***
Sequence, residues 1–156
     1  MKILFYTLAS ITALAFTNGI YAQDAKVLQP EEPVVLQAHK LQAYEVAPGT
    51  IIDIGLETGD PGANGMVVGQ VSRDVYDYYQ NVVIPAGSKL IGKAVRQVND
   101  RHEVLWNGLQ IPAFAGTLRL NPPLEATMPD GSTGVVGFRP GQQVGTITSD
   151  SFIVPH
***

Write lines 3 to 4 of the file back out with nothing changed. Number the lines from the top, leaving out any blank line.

    51  IIDIGLETGD PGANGMVVGQ VSRDVYDYYQ NVVIPAGSKL IGKAVRQVND
   101  RHEVLWNGLQ IPAFAGTLRL NPPLEATMPD GSTGVVGFRP GQQVGTITSD